The Assad regime’s cautious dealing with Makhlouf raises many questions among Syrians
LONDON –The Syrian regime’s punitive measures against businessman Rami Makhlouf, the cousin of President Bashar Assad, have made waves in the war-hit country, but some are asking why the Syrian leader has not fully cracked down on one of his most vocal critics who is accused of corruption.
The Syrian regime’s apparent caution in dealing with the Makhlouf case has been attributed to the businessman’s broad support within the Alawite community, which Assad does not want to alienate, and a powerful network backing Makhlouf that could reveal sensitive details about the Syrian leader.
Makhlouf, the head of telecoms company Syriatel who was once a member of the president’s inner circle, said May 19 that the government had ordered the seizure of his assets and barred him from doing business with the state for five years, escalating a dispute that has been deeply mixed in family affairs. The sanctions on Makhlouf came after weeks of highly publicised disputes over outstanding payments that the government is seeking from Syriatel.
Makhlouf voiced his grievances on social media earlier this month, challenging claims that he owes the state any money and asking Assad to intervene to prevent his business from collapsing. Through several videos and statements posted on his Facebook page, Makhlouf indicated he has been isolated from the president and can only address him through social media.
Makhlouf said the government’s decree to confiscate his and his family’s assets is unwarranted because the claims against him involve the telecoms company Syriatel, which already sends 50% of its revenue to the state. Although official bodies have communicated notices to Makhlouf through the media, there was no official statement regarding the confiscation of assets Tuesday.
They “just want to control the company and they see nothing else,” Makhlouf wrote, without elaborating.
The order to seize Makhlouf’s assets came after a written warning from the telecommunications regulatory body that it would take legal measures against Makhlouf for refusing to pay some outstanding operational fees. Makhlouf challenged the statement, saying he has paid.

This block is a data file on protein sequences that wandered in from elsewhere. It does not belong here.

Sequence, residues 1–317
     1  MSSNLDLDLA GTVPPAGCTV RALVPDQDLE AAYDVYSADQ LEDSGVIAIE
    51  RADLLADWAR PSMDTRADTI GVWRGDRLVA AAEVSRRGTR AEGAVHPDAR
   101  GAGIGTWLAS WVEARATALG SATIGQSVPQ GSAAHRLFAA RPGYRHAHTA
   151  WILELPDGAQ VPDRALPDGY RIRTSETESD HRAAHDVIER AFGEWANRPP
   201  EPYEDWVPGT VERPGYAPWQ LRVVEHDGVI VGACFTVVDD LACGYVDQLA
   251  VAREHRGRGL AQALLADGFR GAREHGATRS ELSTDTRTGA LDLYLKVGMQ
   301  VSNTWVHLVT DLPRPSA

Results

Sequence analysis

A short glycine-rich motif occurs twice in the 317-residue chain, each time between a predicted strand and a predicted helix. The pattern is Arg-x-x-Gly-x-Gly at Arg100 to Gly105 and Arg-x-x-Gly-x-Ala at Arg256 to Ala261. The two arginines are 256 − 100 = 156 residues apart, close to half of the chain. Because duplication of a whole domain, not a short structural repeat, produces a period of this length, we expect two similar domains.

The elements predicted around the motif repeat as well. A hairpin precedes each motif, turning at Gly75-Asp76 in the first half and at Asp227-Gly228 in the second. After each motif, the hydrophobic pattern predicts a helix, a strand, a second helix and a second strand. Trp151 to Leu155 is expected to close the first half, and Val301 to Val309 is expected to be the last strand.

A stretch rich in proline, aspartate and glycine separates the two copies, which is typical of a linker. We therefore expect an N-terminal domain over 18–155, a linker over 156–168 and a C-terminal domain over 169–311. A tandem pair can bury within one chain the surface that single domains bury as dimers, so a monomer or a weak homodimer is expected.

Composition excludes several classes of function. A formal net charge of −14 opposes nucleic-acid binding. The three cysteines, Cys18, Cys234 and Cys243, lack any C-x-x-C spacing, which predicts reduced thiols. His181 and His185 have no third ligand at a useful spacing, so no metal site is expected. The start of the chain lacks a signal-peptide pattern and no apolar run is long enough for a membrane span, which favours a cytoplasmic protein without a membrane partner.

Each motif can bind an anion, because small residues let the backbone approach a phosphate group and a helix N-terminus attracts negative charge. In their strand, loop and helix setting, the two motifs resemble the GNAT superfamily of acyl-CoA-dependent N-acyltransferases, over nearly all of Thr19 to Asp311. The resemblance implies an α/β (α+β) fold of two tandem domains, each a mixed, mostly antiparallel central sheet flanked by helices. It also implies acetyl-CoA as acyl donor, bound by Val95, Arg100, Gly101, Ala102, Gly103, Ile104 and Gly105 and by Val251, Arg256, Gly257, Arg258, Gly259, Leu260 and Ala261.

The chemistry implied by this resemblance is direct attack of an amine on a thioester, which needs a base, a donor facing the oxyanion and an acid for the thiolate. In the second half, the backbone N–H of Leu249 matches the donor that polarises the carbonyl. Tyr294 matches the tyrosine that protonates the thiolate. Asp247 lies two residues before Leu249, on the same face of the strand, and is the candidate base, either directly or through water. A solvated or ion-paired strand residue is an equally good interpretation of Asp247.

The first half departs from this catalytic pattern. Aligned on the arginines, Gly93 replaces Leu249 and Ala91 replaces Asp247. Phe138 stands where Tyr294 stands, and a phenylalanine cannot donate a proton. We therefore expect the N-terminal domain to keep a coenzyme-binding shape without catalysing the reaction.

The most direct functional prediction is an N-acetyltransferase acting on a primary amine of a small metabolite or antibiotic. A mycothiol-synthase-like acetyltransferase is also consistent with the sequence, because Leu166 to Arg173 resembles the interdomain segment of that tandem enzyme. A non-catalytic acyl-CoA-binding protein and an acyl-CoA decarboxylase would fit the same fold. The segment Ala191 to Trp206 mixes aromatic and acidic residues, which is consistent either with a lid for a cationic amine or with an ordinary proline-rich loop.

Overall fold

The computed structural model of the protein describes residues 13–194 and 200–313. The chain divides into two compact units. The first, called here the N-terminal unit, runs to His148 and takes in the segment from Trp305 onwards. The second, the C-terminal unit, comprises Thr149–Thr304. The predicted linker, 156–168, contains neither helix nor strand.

Rumours are now circulating that Makhlouf could have information that Assad is afraid of going public, including on Syria’s foreign relations. Makhlouf indicated he had sensitive information about Syria’s foreign policy relationships in an interview in 2011, when he said: “If there is no stability in Syria, there will be no stability in Israel. No one can guarantee Israel’s security if something happens to this regime.”
Despite being in the crosshairs of the Syrian regime, Makhlouf is thought to have the keys to the financial empire of the Assads, which began when Hafez Assad took power in 1970. With most of the family’s assets abroad, the Assads know Makhlouf is in posession of sensitive details about their finances, including the value and numbers of bank accounts, details about the network of companies that own tens of thousands of real estate assets as well as other companies that continue to operate in Europe, the Gulf and throughout the world.
The financial empire is run by Makhlouf, his sons, brothers and father Muhammad Makhlouf. The Syrian businessman is aware that if he is taken down, Assad will not receive the benefits of that complex business network.
Rumours are also circulating about Makhlouf’s relationship with Moscow. Assad is thought to fear that Russia could demand increased compensation for the military protection it provides to Syria’s regime if the extent of Assad’s wealth becomes known.